Bump stocks and recoil pads are increasingly “no longer available” online across the country’s largest recreational firearm retailers including Walmart, Bass Pro Shops and also Cabela’s – where alleged Las Vegas shooter Stephen Paddock reportedly purchased the semiautomatic weapon product.

So-called “bump stocks” have become “unavailable” on the online hunting equipment stores despite being available as recently as 24 hours after Paddock opened fire from Mandalay Bay and killed at least 59 people Sunday night. Since then, Walmart, Cabela’s and Bass Pro Shops have all placed “no longer available” under all Slide Fire Solutions search listings – the company that first produced bump fire stocks. Images of the shooter's weapon cache first appeared online from Boston Fox 25 on Monday, with bump stocks and several other modifications clearly made to the weapons.

A bump-firing stock "allows you to shoot as fast as you want to", according to Jeremiah Cottle, inventor of the Slide Fire stock. "You hold your finger on the trigger rest and push forward to fire the gun," he said in 2011 interview.

Bump Fire Stocks, whose brand name is produced by Slide Fire, are legal modifications to the lower receiver of rifles that simulate more rapid, automatic fire. The modified stock harnesses energy from recoil, to force the firing mechanism to move faster than originally designed, according to the Trace, a nonprofit website that examines gun violence in the United States. 

Bass Pro lists the products as “designed for fast-action, tactical environments where speed and durability are crucial.”

basspro stocks Bump stocks have become "unavailable" on Bass Pro, Walmart and Calena's online listings. Photo: Screenshot

Cached versions of the website show that Cabela's listed numerous bump stocks for semi-automatic AR-15s and AK47s as recently as Monday before all such products became no longer available, Washington Examiner first reported.

Paddock is said to have purchased a number of weapons at Cabela’s in Verdi, Nev., a federal law enforcement official told USA Today Monday. Several other local gun shop owners have also reported seeing Paddock, who Scorpius Tactical -- a store that doesn't sell bump stocks -- described as slovenly and who was not "well-versed in firearms."

The U.S. Bureau of Alcohol, Tobacco, Firearms and Explosives considers the Bump Fire Stock to be legal for manufacturing and sale in the U.S. But Senate lawmakers have proposed legislation this week seeking bans on the semiautomatic weapon devices.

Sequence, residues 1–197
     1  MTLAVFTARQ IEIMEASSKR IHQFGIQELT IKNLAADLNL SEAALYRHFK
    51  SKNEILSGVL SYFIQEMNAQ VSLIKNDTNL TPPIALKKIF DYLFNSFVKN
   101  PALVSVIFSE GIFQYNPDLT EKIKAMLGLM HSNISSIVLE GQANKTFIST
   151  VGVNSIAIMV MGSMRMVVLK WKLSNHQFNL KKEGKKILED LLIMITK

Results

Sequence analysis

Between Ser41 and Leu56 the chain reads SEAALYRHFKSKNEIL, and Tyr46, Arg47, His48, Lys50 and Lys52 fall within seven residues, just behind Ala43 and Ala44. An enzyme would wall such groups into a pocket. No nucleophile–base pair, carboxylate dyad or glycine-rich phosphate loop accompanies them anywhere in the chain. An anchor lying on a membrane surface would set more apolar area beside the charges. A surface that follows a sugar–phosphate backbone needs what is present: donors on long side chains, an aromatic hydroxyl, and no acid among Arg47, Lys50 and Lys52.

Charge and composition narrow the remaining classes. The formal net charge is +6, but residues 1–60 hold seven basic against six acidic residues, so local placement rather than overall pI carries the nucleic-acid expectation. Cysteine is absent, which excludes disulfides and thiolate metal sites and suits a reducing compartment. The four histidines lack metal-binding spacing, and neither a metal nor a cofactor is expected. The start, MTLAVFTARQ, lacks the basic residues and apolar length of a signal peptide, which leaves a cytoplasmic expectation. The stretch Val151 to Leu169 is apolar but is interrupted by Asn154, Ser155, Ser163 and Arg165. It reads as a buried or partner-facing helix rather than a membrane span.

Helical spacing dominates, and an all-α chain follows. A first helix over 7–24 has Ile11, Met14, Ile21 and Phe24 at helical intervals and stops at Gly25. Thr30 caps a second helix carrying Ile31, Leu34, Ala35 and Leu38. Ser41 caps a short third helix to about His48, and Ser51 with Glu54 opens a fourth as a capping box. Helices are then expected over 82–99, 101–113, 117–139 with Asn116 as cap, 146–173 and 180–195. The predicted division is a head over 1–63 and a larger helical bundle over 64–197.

"Automatic weapons have been illegal for more than 30 years, but there's a loophole in the law that can be exploited to allow killers to fire at rates of between 400 and 800 rounds-per-minute," said Sen. Dianne Feinstein, D-Calif. "The only reason to fire so many rounds so fast is to kill large numbers of people. No one should be able to easily and cheaply modify legal weapons into what are essentially machine guns."

So-called “bump firing” is a technique in which the gun is held somewhat loosely to allow a rocking back-and-forth motion against the trigger finger in order to simulate automatic fire in semi-automatic firearms. Slide Fire Solutions -- an Abilene, Texas, company – has seen its suppressors and stocks either sell out or become pulled from the online hunting retail stores. “Tax stamp...I don't need no stinking tax stamp! The SSAR15 MOD stock allows for 100% legal rapid fire without a tax stamp,” reads the caption on the company’s Facebook page.

Walmart, Bass Pro Shops and Cabela's did not immediately return International Business Times' requests for comment.

The AutoGlove, Akins accelerator and the Bump Fire Stock all allow semiautomatic weapon users to fire at rates in excess of 400 rounds per minute. The ATF defines a “machine gun” as “Any weapon which shoots, is designed to shoot, or can be readily restored to shoot, automatically more than one shot without manual reloading, by a single function of the trigger.” Additionally, the ATF includes “Any part designed and intended solely and exclusively or combination of parts designed and intended for use in converting a weapon into a machinegun.”

According to Trace, these three parts were all designed to evade U.S. federal law. The AutoGloveBass Pro “designed for fast-action, tactical environments where speed and durability are crucial.” But because Bump Stocks don't augment a shooter's trigger finger with mechanical parts, it has avoided ATF regulation.

The Firearms Technology Industry Services Branch of the ATF ended legal sales of the AutoGlove this past September. The AutoGlove is a wearable device that combines a battery pack, glove and an electric plunger at the end of the trigger finger.